EPHRAIM HARDCASTLE: No more palace foie gras for high-living Kate

EPHRAIM HARDCASTLE: No more palace foie gras for high-living Kate

How does the Princess of Wales feel about the King banning foie gras from palace menus? 

Kate’s taste for the delicacy, created by force-feeding geese, was unwittingly revealed when she chose it for lunch at Koffmann’s restaurant in Knightsbridge a few weeks before she wed William. 

Charles has been campaigning against foie gras since he ordered his chefs to stop buying it in 2008. 

Kate had been lunching with Camilla, who wisely maintained marital harmony by opting for rabbit.

Restaurateur Richard Caring describes as ‘masterpieces’ the four unicorns created by Damien Hirst for his new Greek restaurant Bacchanalia. ‘I made angels in love embracing on unicorns because I wanted the unicorns to seem as though they had wings,’ the artist said. ‘But actually there are winged angels riding their backs.’ So why has Hirst airbrushed all genitalia from the four giant unicorns? Does Richard fear that well-endowed beasts might put diners off their kleftiko in his £30million Mount Street trough?

Former England player Joe Cole was upset during the 2010 World Cup when Italian-born manager Fabio Capello and his support staff cheered on their native team in front of the England squad. ‘What done me at the World Cup was when they were all watching Italy, like hollering and hooting when they scored,’ he says. ‘I just think that the foresight of that wasn’t great. It bothered me as an Englishman.’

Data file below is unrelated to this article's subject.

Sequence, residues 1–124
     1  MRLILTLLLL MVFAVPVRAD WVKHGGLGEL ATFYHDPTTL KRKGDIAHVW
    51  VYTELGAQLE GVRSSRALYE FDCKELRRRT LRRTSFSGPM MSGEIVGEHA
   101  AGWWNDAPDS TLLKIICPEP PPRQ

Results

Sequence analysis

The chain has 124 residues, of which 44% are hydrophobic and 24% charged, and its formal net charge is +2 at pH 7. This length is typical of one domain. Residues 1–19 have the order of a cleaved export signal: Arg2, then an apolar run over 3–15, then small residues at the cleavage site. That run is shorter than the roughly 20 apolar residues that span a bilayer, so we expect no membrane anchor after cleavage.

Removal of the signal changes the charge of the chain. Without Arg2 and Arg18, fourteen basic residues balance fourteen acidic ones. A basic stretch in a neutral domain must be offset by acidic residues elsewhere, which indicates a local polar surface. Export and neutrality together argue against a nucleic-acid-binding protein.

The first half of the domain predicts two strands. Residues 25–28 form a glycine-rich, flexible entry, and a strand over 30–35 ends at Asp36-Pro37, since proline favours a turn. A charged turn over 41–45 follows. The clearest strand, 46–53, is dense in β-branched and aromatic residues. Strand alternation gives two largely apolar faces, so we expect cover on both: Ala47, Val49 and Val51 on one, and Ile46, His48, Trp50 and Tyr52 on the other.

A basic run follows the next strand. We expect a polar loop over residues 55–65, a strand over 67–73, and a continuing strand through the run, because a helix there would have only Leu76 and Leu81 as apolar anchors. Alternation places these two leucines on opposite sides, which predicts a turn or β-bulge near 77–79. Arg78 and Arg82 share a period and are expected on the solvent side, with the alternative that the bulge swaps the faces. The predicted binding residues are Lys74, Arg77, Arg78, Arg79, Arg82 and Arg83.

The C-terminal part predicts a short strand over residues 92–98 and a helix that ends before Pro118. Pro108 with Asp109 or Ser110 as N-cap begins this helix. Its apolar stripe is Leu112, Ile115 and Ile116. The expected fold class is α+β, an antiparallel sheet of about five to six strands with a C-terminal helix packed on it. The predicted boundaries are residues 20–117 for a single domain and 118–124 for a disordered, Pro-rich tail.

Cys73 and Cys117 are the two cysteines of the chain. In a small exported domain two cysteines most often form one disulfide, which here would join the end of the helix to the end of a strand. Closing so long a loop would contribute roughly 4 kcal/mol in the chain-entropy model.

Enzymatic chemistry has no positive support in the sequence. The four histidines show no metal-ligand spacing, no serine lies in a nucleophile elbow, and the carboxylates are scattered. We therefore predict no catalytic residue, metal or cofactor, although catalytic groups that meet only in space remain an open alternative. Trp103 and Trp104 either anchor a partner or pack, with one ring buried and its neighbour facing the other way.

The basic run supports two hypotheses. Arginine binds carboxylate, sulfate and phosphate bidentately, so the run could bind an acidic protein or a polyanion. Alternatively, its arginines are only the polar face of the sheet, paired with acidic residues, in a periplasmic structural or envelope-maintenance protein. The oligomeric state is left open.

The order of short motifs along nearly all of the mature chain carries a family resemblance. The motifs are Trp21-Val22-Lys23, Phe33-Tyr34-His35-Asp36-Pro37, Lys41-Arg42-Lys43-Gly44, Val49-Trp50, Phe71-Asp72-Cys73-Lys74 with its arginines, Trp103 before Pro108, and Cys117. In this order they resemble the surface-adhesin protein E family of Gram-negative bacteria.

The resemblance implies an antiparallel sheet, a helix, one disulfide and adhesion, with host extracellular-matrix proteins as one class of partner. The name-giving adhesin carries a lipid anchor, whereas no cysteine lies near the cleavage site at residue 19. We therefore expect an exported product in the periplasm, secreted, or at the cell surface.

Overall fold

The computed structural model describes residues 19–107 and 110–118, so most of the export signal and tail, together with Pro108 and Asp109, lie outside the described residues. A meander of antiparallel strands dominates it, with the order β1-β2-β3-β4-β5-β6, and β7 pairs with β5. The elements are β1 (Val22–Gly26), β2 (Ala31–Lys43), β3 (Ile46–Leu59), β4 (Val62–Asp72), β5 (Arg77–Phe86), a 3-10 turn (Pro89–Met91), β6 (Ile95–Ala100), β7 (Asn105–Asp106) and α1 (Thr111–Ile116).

Unimpressed by The Crown, Princess Margaret’s former lady-in-waiting Lady Glenconner, pictured, complains: ‘I know, from being in The Crown, that what was in it absolutely wasn’t true. I’m sitting with Princess Margaret by a swimming pool, pimping for her, saying: ‘Do you like that young man over there? With the cute bottom?’ Certainly that didn’t happen!’

The Thick Of It creator Armando Iannucci speculates that Liz Truss started practising being PM aged six ‘in her bedroom, in her mirror with a hairbrush. But instead of singing along to the radio, she was doing Margaret Thatcher speeches.’ Confirming he won’t be reviving the political satire, he told Radio Times its power died when MPs co-opted its phrase ‘omnishambles’ in Parliament, adding: ‘Show me something in The Thick Of It that definitely would not have happened in politics back then.’

Discussing difficult relations with mother Muriel, who died aged 101 in 2000, John Cleese recalls telling her he wouldn’t miss her when she died, adding: ‘I said, ‘When you die I’m going to take you to a taxidermist and have you stuffed. I’m going to put you in a glass case by the door and every time I go out I’ll say, hello Mummy!’ Cleese says: ‘She was pleased, she boasted about it in the retirement home.’

Historian Sir Simon Schama turned down Strictly, knowing he’d make a ‘total jackass’ of himself. ‘My dancing style is a frightening thing,’ he tells Radio Times. ‘A cross between David Brent in The Office and an amateur version of Saturday Night Fever.’ Surely more balletic than clod-hopping dray horse John Sergeant?

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